A glaucoma update with AOA’s EBO Committee
Excerpted from page 12 of the January/February 2021 edition of AOA Focus.
The AOA Evidence-based Optometry (EBO) Committee is working diligently to produce a new clinical practice guideline, Care of the Patient with Primary Open Angle Glaucoma. Danica Marrelli, O.D., is one of three glaucoma stakeholder experts serving on the EBO Guideline Development Group.
Dr. Marrelli has 25 years of experience caring for patients with the eye disease—she estimates that 75% of patients in her practice have glaucoma or are glaucoma suspects.
“About 2.7 million Americans suffer from glaucoma, and that number is expected to rise dramatically as the population ages,” Dr. Marrelli says. “Because it carries the potential for irreversible blindness, early diagnosis and treatment is key. Unfortunately, because it is usually asymptomatic, about half of Americans with glaucoma are unaware that they have it.
“Optometrists play a key role in the early diagnosis and management of glaucoma, because they provide the majority of comprehensive eye exams,” she says. “Staying up to date on new technology and treatment options for glaucoma is imperative to providing the best care for our patients.”
Dr. Marrelli shares three ways AOA members can brush up on all things glaucoma.
1. Familiarize yourself with the AOA’s guideline.
The AOA first released clinical guidance on glaucoma in 1995. It was a consensus-based guideline that was reissued in a second edition in 2002 and then revised eight years later.
“They’re online and so easy to access,” Dr. Marrelli says. It’s important to raise awareness of the guideline as a resource not only for doctors, but also among optometry students as they prepare for careers that involve lifelong learning, she adds.
The beauty of any guideline is that it largely does the work for doctors of optometry. “Doctors, as much as they might try, can’t keep up with all the new evidence-based developments in care,’’ Dr. Marrelli says.
The EBO Committee, employing a very rigorous, 14-step process for developing a guideline, does the heavy lifting for colleagues in the profession. Not only do they read and review thousands of pages of research, they grade the studies for quality of evidence to come up with recommended action steps doctors can use in their practices.
“These are practicing optometrists who are spending their ‘free’ time doing this work,” Dr. Marrelli says. “They work all day long with patients and then they go home, and they read, and they read and they read. They work extremely hard with the goal of improving patient care.”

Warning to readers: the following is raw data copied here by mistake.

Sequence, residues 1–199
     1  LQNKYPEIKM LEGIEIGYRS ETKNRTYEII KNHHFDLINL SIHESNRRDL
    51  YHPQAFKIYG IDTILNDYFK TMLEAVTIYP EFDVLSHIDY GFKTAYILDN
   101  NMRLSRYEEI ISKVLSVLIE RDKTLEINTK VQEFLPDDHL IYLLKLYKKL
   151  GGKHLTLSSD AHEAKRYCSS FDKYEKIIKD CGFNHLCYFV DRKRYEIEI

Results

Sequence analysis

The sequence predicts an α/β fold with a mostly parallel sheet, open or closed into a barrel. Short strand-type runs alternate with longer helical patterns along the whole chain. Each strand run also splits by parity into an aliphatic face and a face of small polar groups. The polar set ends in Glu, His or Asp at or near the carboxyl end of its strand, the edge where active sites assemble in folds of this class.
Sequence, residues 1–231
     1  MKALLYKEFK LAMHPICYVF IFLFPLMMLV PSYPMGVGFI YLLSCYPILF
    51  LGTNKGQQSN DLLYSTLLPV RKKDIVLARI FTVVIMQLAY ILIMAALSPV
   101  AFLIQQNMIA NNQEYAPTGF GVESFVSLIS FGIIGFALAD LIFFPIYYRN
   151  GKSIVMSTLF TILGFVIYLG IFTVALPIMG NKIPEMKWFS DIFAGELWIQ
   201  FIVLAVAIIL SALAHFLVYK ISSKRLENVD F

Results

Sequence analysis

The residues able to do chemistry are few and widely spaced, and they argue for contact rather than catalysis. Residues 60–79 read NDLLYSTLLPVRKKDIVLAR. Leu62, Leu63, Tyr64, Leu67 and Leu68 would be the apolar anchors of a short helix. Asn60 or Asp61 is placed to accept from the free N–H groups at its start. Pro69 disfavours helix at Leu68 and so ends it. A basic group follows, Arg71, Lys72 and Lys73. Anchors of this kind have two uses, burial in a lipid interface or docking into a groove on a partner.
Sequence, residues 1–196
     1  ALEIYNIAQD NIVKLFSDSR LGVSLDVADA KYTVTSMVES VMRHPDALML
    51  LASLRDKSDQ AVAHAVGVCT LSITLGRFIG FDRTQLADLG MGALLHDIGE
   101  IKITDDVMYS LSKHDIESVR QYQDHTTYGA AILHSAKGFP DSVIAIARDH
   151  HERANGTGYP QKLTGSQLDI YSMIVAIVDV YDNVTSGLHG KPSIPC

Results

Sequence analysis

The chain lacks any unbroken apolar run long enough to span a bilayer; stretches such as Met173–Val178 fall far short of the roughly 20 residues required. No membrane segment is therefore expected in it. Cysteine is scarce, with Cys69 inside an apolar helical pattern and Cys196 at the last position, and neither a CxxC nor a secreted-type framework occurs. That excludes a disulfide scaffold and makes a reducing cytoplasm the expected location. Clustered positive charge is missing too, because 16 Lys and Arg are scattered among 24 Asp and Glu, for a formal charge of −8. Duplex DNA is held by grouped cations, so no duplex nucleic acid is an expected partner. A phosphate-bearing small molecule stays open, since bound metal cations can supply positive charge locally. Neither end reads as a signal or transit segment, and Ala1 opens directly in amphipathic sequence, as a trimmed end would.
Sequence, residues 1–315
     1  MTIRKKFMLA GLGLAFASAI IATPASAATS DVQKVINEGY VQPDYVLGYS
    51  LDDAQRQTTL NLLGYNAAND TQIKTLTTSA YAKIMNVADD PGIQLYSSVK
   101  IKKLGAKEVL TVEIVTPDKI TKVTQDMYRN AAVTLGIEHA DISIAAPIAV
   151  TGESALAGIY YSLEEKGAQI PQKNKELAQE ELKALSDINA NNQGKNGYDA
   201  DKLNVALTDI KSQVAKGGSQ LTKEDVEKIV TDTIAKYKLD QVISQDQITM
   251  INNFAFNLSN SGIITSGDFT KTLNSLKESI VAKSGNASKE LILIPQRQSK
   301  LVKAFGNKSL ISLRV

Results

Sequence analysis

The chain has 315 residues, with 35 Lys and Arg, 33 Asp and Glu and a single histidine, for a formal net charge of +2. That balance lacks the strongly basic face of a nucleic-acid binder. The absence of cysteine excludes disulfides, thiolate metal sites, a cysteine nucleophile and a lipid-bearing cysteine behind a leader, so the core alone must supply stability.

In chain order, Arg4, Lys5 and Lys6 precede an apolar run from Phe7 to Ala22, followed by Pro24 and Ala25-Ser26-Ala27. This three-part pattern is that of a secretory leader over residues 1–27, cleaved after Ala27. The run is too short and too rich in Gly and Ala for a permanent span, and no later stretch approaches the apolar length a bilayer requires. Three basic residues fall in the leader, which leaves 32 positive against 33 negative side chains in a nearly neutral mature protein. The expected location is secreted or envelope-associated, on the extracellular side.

2. Grow your appreciation for the merits of evidence-based optometry.
Optometric, evidence-based, clinical practice guidelines are recommendations for patient care developed through best-available, current, scientific evidence and research, coupled with the clinician’s
expertise and experience, to recommend appropriate steps in the diagnosis, management and treatment of patients.
“The original AOA clinical guidelines are consensus-based; not the highest, evidence-based guideline,” Dr. Marrelli says. That doesn’t mean there isn’t something to be learned from them. Landmark research can still be found there. “But a lot has happened even in the past 10 years regarding diagnostic tools and treatment options,” she says. “If we don’t look to the evidence, we will be practicing behind the eight ball.”
3. Assess your current approach to glaucoma care and how you might grow your skill set.
How does your management of individuals with glaucoma stack up against the clinical recommendations? Are there areas in which you need to change things up? Are you sharing with patients all of their treatment options? Those are just some of the questions doctors of optometry might ask themselves as they assess their current approach to glaucoma care.
“Not all doctors of optometry manage glaucoma. Some doctors diagnose and refer because they either don’t have the technology, the desire or the training to manage those cases,” says Dr. Marrelli.
But with glaucoma’s growing prevalence, it’s good to brush up to meet patients’ needs. According to the National Eye Institute, the number of Americans with glaucoma will jump to 6.3 million by the year 2050.
“You may not be treating a lot of patients, but you should be up to date and file away that knowledge at the very least,” she says. “There’s probably glaucoma in every practice. The guideline can be a great platform from which to build your clinical care for glaucoma patients.”
Educate patients about glaucoma
The “sneak thief of sight,” glaucoma frequently has no symptoms and, if left untreated, can lead to complete loss of sight. The AOA offers resources, including an infographic and template press release, to help you educate your patients about the importance of an annual, comprehensive eye exam for early intervention.
Educate Your Community
Contact lens wear has been cited as one of the risk factors for dry eye. Get five expert-recommended tips to help your patients.
We all see patients with mild vision loss who say their vision does not allow them to read the way they once could. Consider these strategies when refraction doesn’t yield a vision improvement and further disease treatment isn’t warranted.